5/28/2007Is Macquarie Bank the Enron of Toll Roads?
New York investor who warned of Enron collapse suggests Australian toll road giant may be headed for a similar fate.
The New York hedge fund manager who was among the first to discover the inconsistencies in Enron's balance sheets now suggests Australia's Macquarie Bank raises similar concerns. Jim Chanos, president of Kynikos Associates, raised red flags about the toll road giant's financial situatuion at the Ira Sohn Research Conference Foundation last Wednesday.
"(Macquarie) doesn't care what it pays for assets and flips those assets to entities funded by other investors," Chanos said, as reported by Bloomberg News. "This only works in a world of cheap credit and asset inflation."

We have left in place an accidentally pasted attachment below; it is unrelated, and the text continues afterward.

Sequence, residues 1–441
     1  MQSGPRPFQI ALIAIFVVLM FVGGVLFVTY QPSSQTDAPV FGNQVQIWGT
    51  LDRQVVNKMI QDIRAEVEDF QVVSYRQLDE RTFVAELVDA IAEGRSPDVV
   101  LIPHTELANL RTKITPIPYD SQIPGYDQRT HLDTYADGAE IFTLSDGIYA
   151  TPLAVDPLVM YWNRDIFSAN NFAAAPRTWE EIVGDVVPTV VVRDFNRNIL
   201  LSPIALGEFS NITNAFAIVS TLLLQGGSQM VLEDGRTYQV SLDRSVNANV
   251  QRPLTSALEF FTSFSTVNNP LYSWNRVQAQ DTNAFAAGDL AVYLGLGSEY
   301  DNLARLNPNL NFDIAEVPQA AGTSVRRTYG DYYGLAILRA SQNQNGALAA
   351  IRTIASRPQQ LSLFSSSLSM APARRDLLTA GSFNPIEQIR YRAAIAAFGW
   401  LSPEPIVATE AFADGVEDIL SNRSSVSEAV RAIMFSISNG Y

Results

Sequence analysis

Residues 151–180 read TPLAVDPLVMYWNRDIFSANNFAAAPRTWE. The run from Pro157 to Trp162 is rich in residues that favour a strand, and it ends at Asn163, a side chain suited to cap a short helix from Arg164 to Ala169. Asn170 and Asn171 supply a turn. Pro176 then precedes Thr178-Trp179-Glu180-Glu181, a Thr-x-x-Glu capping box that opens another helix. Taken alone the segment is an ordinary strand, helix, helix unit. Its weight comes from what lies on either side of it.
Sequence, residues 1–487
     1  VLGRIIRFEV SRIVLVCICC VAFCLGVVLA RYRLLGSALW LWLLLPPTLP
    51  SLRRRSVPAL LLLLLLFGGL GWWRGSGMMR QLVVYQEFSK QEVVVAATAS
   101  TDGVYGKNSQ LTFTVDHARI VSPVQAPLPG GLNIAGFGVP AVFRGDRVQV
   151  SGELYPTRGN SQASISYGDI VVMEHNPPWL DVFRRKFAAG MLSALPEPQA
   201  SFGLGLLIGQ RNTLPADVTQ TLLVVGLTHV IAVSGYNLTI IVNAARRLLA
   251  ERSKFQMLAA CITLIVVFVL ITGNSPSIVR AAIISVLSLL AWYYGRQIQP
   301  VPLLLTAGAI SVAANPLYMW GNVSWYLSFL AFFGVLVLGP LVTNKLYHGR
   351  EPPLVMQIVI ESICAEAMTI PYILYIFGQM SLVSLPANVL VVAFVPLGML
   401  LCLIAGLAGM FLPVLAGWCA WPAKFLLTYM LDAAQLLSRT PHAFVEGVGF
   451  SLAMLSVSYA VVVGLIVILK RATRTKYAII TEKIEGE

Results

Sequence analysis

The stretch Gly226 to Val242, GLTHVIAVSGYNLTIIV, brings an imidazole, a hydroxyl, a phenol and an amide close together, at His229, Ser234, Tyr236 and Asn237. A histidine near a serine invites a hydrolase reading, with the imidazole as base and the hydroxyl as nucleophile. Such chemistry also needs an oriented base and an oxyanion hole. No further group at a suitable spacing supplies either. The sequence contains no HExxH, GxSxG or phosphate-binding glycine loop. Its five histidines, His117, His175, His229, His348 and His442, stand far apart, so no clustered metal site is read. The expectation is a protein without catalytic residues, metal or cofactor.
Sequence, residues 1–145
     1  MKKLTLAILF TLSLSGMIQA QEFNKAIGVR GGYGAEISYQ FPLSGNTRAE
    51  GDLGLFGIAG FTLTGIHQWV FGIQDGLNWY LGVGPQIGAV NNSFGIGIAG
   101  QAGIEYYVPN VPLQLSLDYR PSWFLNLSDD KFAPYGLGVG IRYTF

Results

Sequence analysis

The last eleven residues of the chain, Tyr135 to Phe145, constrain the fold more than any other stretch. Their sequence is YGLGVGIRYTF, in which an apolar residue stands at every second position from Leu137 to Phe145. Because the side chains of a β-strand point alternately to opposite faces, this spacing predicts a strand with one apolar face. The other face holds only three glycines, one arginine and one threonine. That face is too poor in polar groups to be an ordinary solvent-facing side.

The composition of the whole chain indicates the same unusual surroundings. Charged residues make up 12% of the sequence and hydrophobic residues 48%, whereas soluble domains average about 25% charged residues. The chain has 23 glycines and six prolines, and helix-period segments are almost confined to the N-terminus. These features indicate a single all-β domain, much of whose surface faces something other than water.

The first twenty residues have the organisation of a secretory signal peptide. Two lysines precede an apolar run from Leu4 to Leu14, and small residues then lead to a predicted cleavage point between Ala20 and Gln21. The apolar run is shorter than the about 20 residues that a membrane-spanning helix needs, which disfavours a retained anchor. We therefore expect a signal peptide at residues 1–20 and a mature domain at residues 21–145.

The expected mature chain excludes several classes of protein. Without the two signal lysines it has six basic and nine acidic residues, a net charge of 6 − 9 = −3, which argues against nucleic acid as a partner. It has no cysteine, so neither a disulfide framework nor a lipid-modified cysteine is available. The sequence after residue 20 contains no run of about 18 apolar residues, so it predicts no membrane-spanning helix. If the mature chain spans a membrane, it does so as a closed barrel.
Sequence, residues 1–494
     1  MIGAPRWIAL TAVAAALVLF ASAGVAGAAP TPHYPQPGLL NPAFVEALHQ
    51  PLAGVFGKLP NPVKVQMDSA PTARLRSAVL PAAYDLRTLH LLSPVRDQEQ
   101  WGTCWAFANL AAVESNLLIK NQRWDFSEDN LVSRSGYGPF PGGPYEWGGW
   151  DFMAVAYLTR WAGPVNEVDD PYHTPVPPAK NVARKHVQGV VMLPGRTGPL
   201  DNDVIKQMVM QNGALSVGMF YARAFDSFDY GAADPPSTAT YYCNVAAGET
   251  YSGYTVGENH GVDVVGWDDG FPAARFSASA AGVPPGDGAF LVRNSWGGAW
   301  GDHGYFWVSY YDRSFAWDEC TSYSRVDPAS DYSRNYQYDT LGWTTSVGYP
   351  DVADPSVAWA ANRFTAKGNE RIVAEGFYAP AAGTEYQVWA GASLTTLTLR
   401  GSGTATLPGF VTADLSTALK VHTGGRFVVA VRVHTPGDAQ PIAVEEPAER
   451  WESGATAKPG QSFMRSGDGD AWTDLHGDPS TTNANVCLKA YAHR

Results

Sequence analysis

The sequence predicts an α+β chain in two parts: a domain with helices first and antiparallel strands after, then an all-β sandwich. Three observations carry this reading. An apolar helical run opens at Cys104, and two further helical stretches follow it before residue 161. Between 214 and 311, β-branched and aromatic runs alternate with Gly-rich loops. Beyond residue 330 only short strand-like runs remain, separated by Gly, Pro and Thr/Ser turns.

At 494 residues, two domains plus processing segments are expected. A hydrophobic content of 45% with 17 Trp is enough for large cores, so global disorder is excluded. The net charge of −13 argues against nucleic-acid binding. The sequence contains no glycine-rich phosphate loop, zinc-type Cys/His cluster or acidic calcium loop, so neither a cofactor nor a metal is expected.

There is no doubting that Macquarie has been hugely successful with fifteen straight years of growing profits. Last year alone, the company made A$1.5 billion.
"The Bank has transitioned from being an Australian institution growing internationally, to being a global institution headquartered in Australia," said Allan Moss, Macquarie's CEO who paid himself $33 million last year. "We provide a range of essential community services to millions of people. These include electricity and gas, water and communications, and land, air and sea transport."
Chanos suggested that off-balance sheet financing and one division of Macquarie selling infrastructure assets such as toll roads to funds that also happen to be managed by Macquarie set the company up for a fall. In the days surrounding Chanos' speech, the bank's stock plunged from a high of $98 a share to $87. Macquarie funds have raised $10 billion to buy up infrastructure in Europe and the United States such as the Indiana Toll Road and the Dulles Greenway in Virginia.